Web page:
Our current understanding of the psychology behind addiction suggests that relapse occurs not all at once as a single event, but in stages which gradually build up to the final step of physically using. Be careful to know your past history and behaviors so that you can identify the warning signs of a possible oncoming relapse. If you can catch yourself in time, you can get help, and keep your sobriety on track. Below are the three stages of relapse and what you can do to prevent them from taking hold of you.
The earliest warning signs of oncoming relapse may not appear to be relapse-related at all. The first stage is emotional relapse. One of your goals in recovery should be to practice careful awareness of your state of mind. Strong, lasting feelings of depression, anxiety, or anger should be your first signal that something may be wrong deeper down. If left unaddressed, these feelings can pave the way to isolation, pent-up frustration, and relapse.
Pay extra attention to feelings that pull you away from social interaction and interpersonal accountability. Isolation is a breeding ground for the most dangerous forms of addictive behavior and it often begins with feeling withdrawn and antisocial. For many people fighting addiction, drugs and alcohol act as an outlet for thoughts and emotions that otherwise stew and rot without release. Fighting the tendency to isolate yourself will allow you to prevent those feelings from taking hold. Sometimes it can just take reaching out to one person to help you get back on track. It’s never easy to admit you’re having a hard time, but doing so early on will help save you pain and setbacks in the long run.
Remember that no matter how strongly you’re feeling a negative emotion, part of you still has the ability to detach from it and observe your behavior from a logical standpoint. Though it may be extremely tempting to simply let powerful emotions take the reins, do your best to remain firmly rooted in the part of your mind that can see when a problem is forming. Once you identify a problem, don’t hesitate--reach out to get help and break the cycle of negative emotions before they take hold.
The next stage of relapse occurs in the mind. Watch for thoughts about using or drinking like you used to, especially the desire to remember your old lifestyle with fondness. The most overt example of mental relapse is if you catch yourself thinking about using again, even thinking about how you would go about it--you know, just hypothetically. Because most people in recovery will have social support systems and safeguards in place, the prospect of using again will mean that you’ll have to begin by thinking about how you could get away with it undetected. If you find yourself pondering a long weekend all to yourself, a trip out of town, or another excuse not to be in touch with your peers or sponsors, take it as a serious warning sign that you should get help before things go any further.
Mental relapse can also come in the form of revisiting old relationships, getting back in touch with people you used to party with, or reigniting past flames with people who knew the old version of you. Even if you’re not actively pursuing a return to using or drinking at this time, the desire to reassociate with your old life is a dangerously slippery slope.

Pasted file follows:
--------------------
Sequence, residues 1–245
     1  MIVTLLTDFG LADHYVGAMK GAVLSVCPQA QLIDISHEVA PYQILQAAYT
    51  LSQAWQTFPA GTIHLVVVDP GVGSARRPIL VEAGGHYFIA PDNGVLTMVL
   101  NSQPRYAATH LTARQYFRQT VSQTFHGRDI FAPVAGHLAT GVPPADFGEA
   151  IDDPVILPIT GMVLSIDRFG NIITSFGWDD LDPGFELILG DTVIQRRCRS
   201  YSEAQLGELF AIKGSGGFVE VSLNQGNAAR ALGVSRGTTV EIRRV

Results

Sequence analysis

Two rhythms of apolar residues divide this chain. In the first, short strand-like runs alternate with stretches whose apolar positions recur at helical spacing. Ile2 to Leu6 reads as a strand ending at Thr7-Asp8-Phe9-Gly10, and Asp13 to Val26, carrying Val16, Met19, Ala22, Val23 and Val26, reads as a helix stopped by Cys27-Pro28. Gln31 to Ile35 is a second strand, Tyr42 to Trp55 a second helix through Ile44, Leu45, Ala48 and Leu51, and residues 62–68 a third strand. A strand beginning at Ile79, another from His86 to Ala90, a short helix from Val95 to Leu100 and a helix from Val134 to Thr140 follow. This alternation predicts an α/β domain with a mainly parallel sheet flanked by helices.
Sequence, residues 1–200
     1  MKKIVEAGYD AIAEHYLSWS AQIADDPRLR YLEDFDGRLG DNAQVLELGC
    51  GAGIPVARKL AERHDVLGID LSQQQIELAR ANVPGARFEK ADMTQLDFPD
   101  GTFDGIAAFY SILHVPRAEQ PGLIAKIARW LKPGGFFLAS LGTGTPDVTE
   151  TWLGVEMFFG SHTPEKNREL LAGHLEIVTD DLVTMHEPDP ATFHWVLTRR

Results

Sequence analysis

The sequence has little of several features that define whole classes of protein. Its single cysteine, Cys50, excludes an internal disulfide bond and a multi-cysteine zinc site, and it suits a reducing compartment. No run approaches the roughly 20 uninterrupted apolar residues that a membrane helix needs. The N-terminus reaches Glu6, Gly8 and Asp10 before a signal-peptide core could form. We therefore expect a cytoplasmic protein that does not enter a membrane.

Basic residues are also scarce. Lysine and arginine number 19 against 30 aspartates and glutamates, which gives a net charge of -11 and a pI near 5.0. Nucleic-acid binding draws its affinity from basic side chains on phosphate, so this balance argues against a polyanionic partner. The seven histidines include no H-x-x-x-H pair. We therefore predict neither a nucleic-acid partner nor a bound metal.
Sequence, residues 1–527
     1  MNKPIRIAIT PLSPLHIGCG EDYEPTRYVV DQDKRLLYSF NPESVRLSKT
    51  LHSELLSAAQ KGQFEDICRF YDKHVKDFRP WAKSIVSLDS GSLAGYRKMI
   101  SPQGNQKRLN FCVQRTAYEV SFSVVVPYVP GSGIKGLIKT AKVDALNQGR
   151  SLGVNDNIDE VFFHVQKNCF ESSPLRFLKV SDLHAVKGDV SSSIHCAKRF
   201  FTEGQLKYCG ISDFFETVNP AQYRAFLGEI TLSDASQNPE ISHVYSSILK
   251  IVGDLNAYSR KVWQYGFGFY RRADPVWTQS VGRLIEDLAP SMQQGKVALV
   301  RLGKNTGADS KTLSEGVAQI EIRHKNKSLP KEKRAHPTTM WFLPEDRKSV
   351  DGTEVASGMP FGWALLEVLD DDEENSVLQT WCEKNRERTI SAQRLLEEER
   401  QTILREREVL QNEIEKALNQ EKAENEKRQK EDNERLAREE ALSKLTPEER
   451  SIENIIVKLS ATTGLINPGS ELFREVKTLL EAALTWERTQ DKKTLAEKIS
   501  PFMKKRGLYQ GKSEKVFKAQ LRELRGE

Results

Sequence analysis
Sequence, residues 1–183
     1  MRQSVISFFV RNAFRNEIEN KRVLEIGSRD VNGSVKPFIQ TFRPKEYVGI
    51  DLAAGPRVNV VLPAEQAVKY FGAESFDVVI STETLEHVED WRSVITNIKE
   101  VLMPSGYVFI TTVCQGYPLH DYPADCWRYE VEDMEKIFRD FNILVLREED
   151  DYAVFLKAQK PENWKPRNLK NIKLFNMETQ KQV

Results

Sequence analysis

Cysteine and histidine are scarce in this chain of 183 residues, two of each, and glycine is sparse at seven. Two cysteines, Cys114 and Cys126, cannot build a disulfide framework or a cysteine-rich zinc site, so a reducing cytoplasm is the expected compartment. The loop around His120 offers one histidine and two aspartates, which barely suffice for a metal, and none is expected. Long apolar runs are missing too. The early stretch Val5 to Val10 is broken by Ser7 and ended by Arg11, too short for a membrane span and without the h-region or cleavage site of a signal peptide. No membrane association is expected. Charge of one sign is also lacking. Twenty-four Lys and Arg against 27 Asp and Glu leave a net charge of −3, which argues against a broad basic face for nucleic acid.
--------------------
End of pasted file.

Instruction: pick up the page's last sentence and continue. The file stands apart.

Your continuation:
The final stage of relapse is physical consummation: returning to using drugs or alcohol. Even if you only consume a tiny amount, don’t be fooled into thinking that you “just had a little slip-up”--this is a common way that addiction can trick you into slipping back into your old habits. Addiction doesn’t resurge in a vacuum, and if your mental and emotional condition was right for a small slip-up, it’ll be able to quickly develop into being right for a much larger slip-up unless you take swift action to change course.
Relapse is a part of recovery that each person battling addiction must face in one way or another. Even if you do relapse, remember that you have not failed. Relapse isn’t a sign that you’re incapable of beating addiction; it’s simply a sign that something about your approach to sobriety must change. The best thing you can do for yourself is to recognize the steps that led up to your relapse so that you can be aware of them and take appropriate action to protect yourself in the future.
Whether you’ve been in recovery for a day or a decade, the spectre of relapse may lie waiting in the back of your mind. It’s important to remember that recovery is a process, not a switch you’ve flipped, and that even if you do relapse, you can still succeed in sobriety. Relapse isn’t a sign that you’ve failed; it’s a sign that you need to increase or modify your plan of action. If you find yourself struggling with relapse, it may be time to consider a more comprehensive approach to keeping your sobriety on track. At START UP RECOVERY, we provide a state-of-the-art sober living space for people who want to press the reset button on life. We connect you with experienced sobriety professionals who work with you on a one-on-one basis to create a personalized approach to recovery for your unique needs and goals. Your recovery is one of the most challenging and rewarding mountains you’ll ever climb in your life. Don’t go it alone. Call (310) 773-3809 to learn more.